Indian authorities have moved to the High Court in London to seek permission to appeal against a magistrates’ court order turning down the extradition on human rights grounds of Kuldeep Singh, wanted in India as an alleged member of the banned terrorist organisation Khalistan Zindabad Force (KZF).
Singh, also known as Keepa Sidhu, is charged with conspiring with others to commit terror activities in Punjab dating back to 2015-16, including a plot to assassinate the then chief minister Parkash Singh Badal and deputy chief minister Sukhbir Singh Badal.
The 44-year-old is also accused of recruiting youths in Punjab to the banned organisation by offering them money and organising a meeting of separatists in a gurdwara.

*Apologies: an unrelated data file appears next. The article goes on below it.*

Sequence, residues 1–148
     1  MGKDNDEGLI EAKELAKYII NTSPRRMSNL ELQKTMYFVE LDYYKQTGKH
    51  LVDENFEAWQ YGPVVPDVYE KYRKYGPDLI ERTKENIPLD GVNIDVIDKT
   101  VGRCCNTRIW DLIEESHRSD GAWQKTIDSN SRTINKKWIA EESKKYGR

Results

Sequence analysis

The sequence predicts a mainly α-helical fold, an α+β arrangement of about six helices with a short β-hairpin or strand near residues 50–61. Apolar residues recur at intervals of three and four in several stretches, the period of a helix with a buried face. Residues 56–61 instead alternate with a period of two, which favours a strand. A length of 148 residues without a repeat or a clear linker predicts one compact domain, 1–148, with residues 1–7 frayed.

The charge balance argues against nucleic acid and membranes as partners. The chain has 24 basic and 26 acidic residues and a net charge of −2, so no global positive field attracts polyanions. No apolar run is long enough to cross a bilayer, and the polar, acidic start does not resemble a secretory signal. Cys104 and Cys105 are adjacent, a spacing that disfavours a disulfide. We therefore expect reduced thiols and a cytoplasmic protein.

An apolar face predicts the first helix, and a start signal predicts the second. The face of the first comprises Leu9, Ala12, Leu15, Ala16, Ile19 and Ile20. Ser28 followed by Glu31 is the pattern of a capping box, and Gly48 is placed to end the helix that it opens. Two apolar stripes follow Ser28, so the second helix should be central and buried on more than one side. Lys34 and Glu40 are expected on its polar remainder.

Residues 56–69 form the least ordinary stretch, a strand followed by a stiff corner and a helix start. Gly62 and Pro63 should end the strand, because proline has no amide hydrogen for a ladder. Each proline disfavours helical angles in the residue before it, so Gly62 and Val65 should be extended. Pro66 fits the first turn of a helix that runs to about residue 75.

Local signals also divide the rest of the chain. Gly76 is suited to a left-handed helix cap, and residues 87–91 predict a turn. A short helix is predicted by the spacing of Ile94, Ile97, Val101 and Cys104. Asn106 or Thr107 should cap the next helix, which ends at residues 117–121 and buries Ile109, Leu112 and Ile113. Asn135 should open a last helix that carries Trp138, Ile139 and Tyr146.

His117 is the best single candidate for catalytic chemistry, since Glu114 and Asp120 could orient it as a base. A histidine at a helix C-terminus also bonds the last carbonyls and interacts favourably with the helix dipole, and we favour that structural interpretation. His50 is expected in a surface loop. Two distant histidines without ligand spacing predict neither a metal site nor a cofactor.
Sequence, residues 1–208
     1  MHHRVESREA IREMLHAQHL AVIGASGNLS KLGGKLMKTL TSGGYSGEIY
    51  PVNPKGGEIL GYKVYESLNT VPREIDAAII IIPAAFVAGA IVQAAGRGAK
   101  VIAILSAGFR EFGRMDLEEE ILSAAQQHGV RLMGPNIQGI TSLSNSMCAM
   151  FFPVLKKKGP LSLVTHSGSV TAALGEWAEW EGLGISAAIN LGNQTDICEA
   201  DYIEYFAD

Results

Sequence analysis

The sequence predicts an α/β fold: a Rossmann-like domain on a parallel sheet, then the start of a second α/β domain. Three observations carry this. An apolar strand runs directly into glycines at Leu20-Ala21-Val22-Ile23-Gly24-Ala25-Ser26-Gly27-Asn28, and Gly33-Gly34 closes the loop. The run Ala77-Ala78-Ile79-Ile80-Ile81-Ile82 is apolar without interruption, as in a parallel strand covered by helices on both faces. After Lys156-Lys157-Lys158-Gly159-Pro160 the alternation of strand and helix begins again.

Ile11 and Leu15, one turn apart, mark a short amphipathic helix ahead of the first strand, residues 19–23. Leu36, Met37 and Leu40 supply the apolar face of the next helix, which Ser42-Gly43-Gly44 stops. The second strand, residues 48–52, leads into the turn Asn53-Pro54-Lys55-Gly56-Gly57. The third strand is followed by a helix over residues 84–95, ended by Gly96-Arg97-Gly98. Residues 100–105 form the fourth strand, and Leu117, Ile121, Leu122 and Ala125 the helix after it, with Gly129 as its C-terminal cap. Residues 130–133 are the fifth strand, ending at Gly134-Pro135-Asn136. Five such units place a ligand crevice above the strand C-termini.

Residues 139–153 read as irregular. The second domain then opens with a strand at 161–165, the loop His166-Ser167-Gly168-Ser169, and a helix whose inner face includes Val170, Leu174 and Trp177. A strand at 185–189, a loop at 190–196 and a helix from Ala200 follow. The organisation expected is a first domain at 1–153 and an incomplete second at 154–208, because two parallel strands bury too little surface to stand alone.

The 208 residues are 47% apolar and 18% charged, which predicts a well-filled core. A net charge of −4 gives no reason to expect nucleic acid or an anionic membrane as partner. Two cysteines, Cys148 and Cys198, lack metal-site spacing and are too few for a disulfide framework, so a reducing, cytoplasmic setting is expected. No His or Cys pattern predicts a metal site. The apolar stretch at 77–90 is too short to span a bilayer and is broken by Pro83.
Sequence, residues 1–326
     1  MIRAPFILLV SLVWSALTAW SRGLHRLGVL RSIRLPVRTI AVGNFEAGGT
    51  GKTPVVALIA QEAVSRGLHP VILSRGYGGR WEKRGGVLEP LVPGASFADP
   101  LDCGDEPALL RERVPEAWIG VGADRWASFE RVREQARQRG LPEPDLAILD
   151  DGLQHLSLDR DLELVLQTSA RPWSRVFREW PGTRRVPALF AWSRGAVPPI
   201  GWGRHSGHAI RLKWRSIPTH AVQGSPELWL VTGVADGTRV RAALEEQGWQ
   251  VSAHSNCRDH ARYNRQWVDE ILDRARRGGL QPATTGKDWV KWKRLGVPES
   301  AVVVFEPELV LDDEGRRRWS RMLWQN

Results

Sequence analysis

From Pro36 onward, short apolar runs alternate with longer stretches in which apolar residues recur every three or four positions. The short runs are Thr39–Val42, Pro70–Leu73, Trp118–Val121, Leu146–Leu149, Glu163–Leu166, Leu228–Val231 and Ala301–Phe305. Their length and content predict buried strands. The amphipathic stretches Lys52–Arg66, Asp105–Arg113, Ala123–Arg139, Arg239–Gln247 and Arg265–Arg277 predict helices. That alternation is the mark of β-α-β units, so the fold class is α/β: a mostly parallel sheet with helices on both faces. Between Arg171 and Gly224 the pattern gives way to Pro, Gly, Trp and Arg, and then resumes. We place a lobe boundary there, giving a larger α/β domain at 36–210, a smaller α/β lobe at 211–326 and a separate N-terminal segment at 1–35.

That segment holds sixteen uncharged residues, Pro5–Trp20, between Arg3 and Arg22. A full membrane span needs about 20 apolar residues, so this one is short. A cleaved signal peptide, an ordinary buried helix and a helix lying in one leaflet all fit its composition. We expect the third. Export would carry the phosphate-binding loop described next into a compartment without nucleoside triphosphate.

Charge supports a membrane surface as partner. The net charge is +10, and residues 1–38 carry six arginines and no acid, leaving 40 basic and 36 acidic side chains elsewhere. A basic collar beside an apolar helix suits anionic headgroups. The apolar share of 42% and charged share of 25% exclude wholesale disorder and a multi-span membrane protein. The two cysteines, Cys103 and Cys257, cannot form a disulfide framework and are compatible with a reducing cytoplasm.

District Judge Gareth Branston, presiding over the extradition case at Westminster Magistrates’ Court in London, ruled in January that as the offences carry maximum sentences and “no possibility of a review of such a life sentence with a view to its commutation, remission, termination or conditional release” it would be contrary to Article 3 of the European Convention of Human Rights.
The Crown Prosecution Service (CPS), appearing on behalf of the Indian government in the legal proceedings, confirmed that the grounds of appeal against Singh’s discharge were lodged on February 19 and his lawyers are scheduled to file a response this Friday (5).